How to Limit Process at User Level on Linux

Ulimit, as the name signifies, is the user resource limits defined by users for their respective processes. It provides control over the resources available to the shell and to processes started by it, on systems that allow such control. That means the limit on the number of processes that a single user may create. Usually, you have to increase the values of some of the Linux kernel limits before your install or run many applications. This article is based on limiting process at user level

Read Also : 3 Methods to Change the Number of Open File Limit in Linux

What to understand

Linux can limit a total number of processes on the system doesn't have the option to limit any thread per process. Below file shows the maximum allowed process. You can alter this value.

# cat /proc/sys/kernel/threads-max

With ulimit you can set two kinds of limits:

  • Soft limit: it is the value that the kernel enforces for the corresponding resource.
  • Hard limit: acts as a ceiling for the soft limit.

An unprivileged process may only set its soft limit to a value in the range from 0 up to the hard limit, and (irreversibly) lower its hard limit. A privileged process may make arbitrary changes to either limit value.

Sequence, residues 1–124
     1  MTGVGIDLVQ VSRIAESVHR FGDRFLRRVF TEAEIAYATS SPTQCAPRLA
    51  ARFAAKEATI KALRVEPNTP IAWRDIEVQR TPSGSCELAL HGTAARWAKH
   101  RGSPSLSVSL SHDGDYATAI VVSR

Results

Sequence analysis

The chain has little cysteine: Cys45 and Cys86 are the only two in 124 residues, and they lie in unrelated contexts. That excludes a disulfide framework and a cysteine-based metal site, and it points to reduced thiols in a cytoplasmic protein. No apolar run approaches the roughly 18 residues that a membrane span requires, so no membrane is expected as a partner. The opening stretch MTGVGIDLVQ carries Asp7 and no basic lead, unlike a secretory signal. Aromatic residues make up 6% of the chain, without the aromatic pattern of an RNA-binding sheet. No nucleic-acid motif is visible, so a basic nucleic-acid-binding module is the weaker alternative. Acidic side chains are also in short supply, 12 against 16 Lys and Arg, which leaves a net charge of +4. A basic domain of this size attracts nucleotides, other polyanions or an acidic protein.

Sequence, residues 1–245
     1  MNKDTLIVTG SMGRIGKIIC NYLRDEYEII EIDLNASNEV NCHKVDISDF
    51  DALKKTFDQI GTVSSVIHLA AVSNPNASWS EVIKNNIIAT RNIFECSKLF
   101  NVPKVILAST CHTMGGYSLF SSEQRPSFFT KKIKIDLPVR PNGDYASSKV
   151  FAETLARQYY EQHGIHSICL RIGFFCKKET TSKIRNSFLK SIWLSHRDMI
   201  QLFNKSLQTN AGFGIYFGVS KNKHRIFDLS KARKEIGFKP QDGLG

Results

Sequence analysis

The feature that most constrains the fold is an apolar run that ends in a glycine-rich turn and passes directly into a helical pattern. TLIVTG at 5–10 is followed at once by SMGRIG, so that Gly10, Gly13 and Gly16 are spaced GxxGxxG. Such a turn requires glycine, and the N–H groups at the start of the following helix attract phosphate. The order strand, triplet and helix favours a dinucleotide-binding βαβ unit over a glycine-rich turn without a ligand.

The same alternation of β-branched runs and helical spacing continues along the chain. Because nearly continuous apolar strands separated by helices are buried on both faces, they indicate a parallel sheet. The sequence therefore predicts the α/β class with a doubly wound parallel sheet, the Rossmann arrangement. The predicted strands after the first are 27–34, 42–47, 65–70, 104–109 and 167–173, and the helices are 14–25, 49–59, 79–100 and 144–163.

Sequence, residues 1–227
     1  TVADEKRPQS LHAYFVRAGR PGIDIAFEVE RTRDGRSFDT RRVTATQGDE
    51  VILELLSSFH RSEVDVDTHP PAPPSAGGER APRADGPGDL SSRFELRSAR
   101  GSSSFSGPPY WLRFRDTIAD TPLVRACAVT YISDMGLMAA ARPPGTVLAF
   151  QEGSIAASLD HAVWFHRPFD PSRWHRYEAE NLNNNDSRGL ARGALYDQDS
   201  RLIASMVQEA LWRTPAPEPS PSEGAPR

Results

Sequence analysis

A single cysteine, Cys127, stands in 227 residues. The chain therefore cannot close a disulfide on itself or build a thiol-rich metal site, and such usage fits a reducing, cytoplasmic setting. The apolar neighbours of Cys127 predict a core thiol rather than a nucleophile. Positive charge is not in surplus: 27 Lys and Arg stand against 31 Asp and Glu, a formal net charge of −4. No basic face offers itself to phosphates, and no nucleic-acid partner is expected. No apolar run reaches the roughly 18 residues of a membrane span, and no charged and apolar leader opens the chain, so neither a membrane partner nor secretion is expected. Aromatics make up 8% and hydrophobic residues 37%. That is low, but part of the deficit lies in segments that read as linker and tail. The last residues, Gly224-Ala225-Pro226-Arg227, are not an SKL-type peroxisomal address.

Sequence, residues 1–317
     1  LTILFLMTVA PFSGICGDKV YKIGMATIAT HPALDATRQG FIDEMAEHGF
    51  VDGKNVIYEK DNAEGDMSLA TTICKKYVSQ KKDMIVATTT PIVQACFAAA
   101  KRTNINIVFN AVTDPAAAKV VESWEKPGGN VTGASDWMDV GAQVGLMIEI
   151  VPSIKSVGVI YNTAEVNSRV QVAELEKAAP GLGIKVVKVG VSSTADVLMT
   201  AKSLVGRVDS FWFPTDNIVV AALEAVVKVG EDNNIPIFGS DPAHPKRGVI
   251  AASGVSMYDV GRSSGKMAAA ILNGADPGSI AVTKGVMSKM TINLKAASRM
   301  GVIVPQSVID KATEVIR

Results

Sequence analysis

1) Checking the values of the kernel limits

You can check all the value of the limits kernel as below

# ulimit -a
core file size          (blocks, -c) 0
data seg size           (kbytes, -d) unlimited
scheduling priority             (-e) 0
file size               (blocks, -f) unlimited
pending signals                 (-i) 31111
max locked memory       (kbytes, -l) 64
max memory size         (kbytes, -m) unlimited
open files                      (-n) 1024
pipe size            (512 bytes, -p) 8
POSIX message queues     (bytes, -q) 819200
real-time priority              (-r) 0
stack size              (kbytes, -s) 8192
cpu time               (seconds, -t) unlimited
max user processes              (-u) 31111
virtual memory          (kbytes, -v) unlimited
file locks                      (-x) unlimited

You can see that there are some unlimited settings. These limits can be changed

2) Change ulimit settings